• 16. Means of liberation Inquiry (the second gate-keeper to liberation, Vichara) should be undertaken by an intelligence that has been purified by a close study of the scripture, and this inquiry should be unbroken. By such inquiry the intelligence becomes keen and is able to realize the supreme; hence inquiry alone is the best remedy for the long-lasting illness known as the life cycle world (samsara.)
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  • 20. Satsanga (company of wise, holy and enlightened persons) is yet another gatekeeper to liberation. Satsanga enlarges one‘s intelligence, destroys one‘s ignorance and one‘s psychological distress. Whatever be the cost, however difficult it may be, whatever obstacles may stand in its way, satsanga should never be neglected. For, satsanga alone is one‘s light on the path of life. Satsanga is indeed superior to all other forms of religious practices like charity, austerity, pilgrimages and the performance of religious rites. 20
  • 21. TYPOLOGY OF CORRUPTION, Analyse, Act and realize swaraj Gandhi & hind swaraj Anna Hazare & rural self-help 21
  • 22. Scales of corruption can be Grand, Middling or Petty and payment of bribes can be due to collusion between the bribe taker and the bribe giver, due to coercion or even anticipatory.  Existence of corruption implies that there are corrupt people, there are also corrupt practices, and there is a corrupt system.  Therefore, all the three have to be fought simultaneously to eliminate the vice of corruption.  Corruption is defined as the use of public office for private gains 22
  • 23. The concept of Citizen Charters has been introduced to improve the quality of public services. It ensures accountability, transparency and quality of services provided by various government organistions. It enables citizens to avail of services with minimum hassle, in reasonable time, and at a minimum cost. Effective implementation of Citizens Charters will go a long way in controlling corruption. The Government of India has launched an ambitious programme for formulation and implementation of Citizens Charters in all government departments. 23
  • 24. "We are responsible for what we are, and whatever we wish ourselves to be, we have the power to make ourselves. If what we are now has been the result of our own past actions, it certainly follows that whatever we wish to be in future can be produced by our present actions; so we have to know how to act. " -- Swami Vivekananda 24
  • 25.  Over every huge tree that we see over ground, there always is a seed that had submerged itself into the darkness of the soil.  Ban on consumption and sale of alcohol lays the foundation of rural development.  It is impossible to change the village without transforming the individual. Similarly it is impossible to transform the country without changing its villages.  If villages are to develop, politics have to be kept out.  Education without spirituality cannot help development.  In the process of rural development, social and economic development should go hand in hand Anna Hazare says 25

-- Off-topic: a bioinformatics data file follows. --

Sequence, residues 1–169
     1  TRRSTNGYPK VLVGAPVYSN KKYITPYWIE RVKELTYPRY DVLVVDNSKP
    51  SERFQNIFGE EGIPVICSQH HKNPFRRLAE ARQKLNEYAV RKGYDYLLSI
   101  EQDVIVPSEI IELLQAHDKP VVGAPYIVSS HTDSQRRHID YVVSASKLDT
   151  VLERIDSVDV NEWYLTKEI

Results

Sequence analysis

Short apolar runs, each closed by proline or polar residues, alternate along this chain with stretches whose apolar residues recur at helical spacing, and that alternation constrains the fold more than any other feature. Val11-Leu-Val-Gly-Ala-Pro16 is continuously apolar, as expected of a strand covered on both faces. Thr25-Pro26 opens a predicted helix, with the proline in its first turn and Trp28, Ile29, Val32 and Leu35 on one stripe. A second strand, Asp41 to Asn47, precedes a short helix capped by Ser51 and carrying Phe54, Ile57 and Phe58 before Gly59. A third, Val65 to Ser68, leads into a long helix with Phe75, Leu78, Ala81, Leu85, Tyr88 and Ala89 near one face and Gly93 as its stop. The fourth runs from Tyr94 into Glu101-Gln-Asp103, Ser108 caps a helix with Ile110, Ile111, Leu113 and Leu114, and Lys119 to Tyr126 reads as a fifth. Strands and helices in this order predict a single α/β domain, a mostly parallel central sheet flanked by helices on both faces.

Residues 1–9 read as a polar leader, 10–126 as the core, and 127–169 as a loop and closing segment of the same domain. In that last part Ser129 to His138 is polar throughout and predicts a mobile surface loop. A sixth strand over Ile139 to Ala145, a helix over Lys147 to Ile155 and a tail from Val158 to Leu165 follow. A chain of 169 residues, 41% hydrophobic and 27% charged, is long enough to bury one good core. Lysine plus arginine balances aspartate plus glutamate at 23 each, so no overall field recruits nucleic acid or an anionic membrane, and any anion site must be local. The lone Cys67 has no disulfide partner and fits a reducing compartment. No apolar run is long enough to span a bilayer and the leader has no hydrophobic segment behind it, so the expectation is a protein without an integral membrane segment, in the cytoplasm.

• 26. The work of social transformation is neither easy nor impossible.  The ultimate goal of all politics and social work should be the upliftment of society and of the nation.  Educational institutions are not enough to make good citizens, every home should become an educational center.  Indulgence causes disease whereas sacrifice leads to accomplishment. • Anna Hazare says 26
  • 27. … What we mean and want through Poorna Swaraj ……is an awakening among the masses, a knowledge among them of their true interest and ability to serve that interest against the whole world, ….. harmony, freedom from aggression from within or without, and a progressive improvement in the economic condition of the masses… (Young India, 18-6-1931, p. 147) Selflessness, integrity, objectivity, accountability, openness, honesty and leadership by example 27
  • 28. The public can call its servants to account –M K Gandhi 28
  • 29.   Corruption will be out one day, however much one may try to conceal it. The public can, as its right and duty, in very case of justifiable suspicion, call its servants to strict account, dismiss them, sue them in a law court or appoint an arbitrator or inspector to scrutinize their conduct, as it likes. (civil society asks 4 Ombudsman) Mahatma Gandhi: (60 years ago) 29 29
  • 30. • The pilgrimage to Swaraj is a painful climb. It requires attention to details. • It means vast organizing ability, it means penetration into the villages solely for the service of the villagers. • In other words, it means national education, i.e., education of the masses. • It means an awakening of national consciousness among the masses. • It will not spring like the magician‘s mango. • It will grow almost unperceived like the banyan tree. • A bloody revolution will never perform the trick. • Haste here is most certainly waste. 30
  • 31. Hind Swaraj: Indian Home Rule M. K. Gandhi (1909) But whether India may be ripe for it or not, it is best for Indians to study the seminal book which contains the ultimate logical conclusion of the acceptance of the twin principles of Truth and Non-violence, and then decide whether these principles should be accepted. “Perhaps there are no other people in the world who show so much in their characters the advantageous effects of their own civilisation. They are shrewd in business, acute in reasoning, thrifty, religious, sober, charitable, obedient to parents, referential to old age, amiable, law abiding, compassionate towards the helpless, and patient under suffering.” That observation was made in 1883 __Why are we „corrupt‟ today?